“No, he is alive somewhere back there.”
Bruce turned to look at her again, but Kathlyn was still gazing at the hills without seeing them.
“A white elephant,” mused the colonel. “Do you know it for a fact that this Bala Khan has a white elephant?” he called across to Ramabai.
“I have never seen it Sahib. It is what they say.”
“A pair of mottled ears is the nearest I ever came to seeing a white elephant, and I’ve hunted them for thirty years, here, in Ceylon, in Burma, in Africa. There was once a tiger near Madras that hadn’t any stripes. The natives would not permit him to be killed because they held that, being unique, he was sacred. A sacred white elephant! Poor simple-minded fools!” The colonel felt in his pockets, then dropped his hands dispiritedly. How long since he had tasted tobacco? “Bruce, have you got a cheroot in your pocket? I think a smoke would brace me up.”
Bruce laughed and passed up a broken cigar, which the colonel lighted carefully. The weariness seemed to go out of his face magically.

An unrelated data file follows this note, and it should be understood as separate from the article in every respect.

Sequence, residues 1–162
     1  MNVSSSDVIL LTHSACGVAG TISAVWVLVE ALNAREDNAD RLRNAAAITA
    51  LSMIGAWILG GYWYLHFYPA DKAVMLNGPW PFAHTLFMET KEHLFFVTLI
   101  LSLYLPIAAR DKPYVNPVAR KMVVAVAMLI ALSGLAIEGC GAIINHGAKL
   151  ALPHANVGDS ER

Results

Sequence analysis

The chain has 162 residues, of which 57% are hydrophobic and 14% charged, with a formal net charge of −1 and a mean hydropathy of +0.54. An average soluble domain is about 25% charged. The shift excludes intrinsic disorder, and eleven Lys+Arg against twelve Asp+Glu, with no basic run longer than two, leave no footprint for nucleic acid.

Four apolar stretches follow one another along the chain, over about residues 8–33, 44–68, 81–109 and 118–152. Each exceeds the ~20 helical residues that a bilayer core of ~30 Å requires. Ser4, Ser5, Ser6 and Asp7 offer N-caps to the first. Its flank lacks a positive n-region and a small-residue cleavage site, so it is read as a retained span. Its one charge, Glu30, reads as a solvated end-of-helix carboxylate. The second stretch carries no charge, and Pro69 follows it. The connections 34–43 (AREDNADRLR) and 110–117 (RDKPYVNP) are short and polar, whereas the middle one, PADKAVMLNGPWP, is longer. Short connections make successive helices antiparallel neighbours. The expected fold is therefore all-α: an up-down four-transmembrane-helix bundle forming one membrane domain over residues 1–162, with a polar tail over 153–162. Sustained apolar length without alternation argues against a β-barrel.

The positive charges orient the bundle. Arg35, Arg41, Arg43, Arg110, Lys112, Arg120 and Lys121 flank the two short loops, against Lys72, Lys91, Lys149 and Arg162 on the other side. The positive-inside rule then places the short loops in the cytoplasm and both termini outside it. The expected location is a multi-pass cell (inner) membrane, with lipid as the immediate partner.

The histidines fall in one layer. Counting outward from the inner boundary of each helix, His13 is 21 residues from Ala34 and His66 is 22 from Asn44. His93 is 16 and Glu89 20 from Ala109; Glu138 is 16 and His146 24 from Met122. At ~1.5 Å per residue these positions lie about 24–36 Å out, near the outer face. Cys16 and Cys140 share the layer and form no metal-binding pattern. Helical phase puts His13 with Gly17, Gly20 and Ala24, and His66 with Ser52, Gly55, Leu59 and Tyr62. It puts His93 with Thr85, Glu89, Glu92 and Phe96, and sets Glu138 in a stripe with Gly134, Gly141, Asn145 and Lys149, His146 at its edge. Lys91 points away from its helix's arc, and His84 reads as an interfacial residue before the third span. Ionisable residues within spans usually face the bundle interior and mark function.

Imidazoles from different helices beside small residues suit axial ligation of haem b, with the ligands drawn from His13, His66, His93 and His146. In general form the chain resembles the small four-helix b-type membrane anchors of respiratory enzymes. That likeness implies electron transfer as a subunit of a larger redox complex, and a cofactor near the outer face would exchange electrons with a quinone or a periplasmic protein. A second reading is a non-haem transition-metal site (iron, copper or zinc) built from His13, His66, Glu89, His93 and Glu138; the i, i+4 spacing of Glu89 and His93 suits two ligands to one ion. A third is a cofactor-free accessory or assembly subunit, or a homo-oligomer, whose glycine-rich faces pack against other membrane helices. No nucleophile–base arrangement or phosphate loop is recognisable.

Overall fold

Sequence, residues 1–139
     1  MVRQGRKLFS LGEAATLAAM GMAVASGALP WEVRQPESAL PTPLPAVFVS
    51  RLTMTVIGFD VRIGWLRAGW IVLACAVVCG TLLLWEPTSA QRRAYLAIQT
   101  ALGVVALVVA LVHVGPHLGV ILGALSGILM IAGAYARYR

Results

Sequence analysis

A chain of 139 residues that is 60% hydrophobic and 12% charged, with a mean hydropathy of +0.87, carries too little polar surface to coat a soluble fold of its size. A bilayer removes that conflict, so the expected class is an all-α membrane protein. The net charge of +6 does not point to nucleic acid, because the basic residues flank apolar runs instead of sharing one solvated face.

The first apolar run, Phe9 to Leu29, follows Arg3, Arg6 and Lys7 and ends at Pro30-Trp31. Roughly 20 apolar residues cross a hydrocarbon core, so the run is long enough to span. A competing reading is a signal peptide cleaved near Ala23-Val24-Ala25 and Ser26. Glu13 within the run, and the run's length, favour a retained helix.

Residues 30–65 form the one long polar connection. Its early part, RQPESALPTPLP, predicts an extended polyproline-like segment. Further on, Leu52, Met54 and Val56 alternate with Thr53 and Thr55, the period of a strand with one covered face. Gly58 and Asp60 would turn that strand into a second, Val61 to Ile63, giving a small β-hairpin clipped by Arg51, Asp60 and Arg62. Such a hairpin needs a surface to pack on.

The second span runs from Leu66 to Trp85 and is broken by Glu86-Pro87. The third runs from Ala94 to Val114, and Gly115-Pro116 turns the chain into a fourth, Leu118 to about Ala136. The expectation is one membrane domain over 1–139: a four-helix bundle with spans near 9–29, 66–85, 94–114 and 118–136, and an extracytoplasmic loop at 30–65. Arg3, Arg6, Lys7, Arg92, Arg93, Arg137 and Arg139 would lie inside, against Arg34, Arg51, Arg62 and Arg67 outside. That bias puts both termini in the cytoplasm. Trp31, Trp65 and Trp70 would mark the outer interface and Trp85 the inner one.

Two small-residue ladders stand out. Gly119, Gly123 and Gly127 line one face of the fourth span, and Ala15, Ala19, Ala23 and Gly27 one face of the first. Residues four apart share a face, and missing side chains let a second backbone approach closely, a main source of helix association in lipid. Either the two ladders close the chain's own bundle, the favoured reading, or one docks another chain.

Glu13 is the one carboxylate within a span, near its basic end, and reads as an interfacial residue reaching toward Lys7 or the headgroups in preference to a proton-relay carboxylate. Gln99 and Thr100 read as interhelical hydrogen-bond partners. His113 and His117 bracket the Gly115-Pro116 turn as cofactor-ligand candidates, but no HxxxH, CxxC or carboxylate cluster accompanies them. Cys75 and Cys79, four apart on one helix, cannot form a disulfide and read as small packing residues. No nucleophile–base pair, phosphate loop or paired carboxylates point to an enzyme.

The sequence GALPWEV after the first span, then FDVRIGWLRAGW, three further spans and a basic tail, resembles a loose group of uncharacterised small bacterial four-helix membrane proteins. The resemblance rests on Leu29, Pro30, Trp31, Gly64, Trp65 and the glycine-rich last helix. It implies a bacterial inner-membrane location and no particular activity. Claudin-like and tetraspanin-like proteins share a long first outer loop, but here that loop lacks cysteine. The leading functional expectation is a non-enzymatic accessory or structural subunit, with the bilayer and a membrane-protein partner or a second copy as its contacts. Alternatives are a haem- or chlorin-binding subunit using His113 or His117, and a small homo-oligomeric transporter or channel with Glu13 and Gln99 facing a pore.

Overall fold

“This Bala Khan should be Mohammedan,” said Bruce. “The Pathan despises the Hindu.”
“There are Hindus in yonder city; quite as many,” said Ramabai, “as there are Mohammedans. Even the Pathan expects that which he can not understand.”
“Isn’t that the wall behind that sand-hill? Let me have the glasses a moment. Colonel. . . . H’m! The walled city, all right. Some people moving about outside. Dancers, I should say.”
“Professional,” explained Ramabai.
“Nothing religious, then? By George!”
“What is it?” asked the colonel.
“Take a look. There’s an elephant being led into the city gates.”
The colonel peered eagerly through the glasses.
“The sun is shining on him. . . . No! he is . . . white! A white elephant! I’d give ten thousand this minute to own it. There, it’s entered the gate. Well, well, well! And I’ve lived to see it! Poor old Barnum, to have carried around a tinted pachyderm! He’s white as any elephant flesh could be. Those dancing chaps are going in, too. What caste would those dancers be, Ramabai?”
“Pariahs, quite possibly; probably brigands.”
The rim of the sun was sinking rapidly as Bruce drew his elephant to a halt before the gate of the white walled city. The guard ran out, barring the way.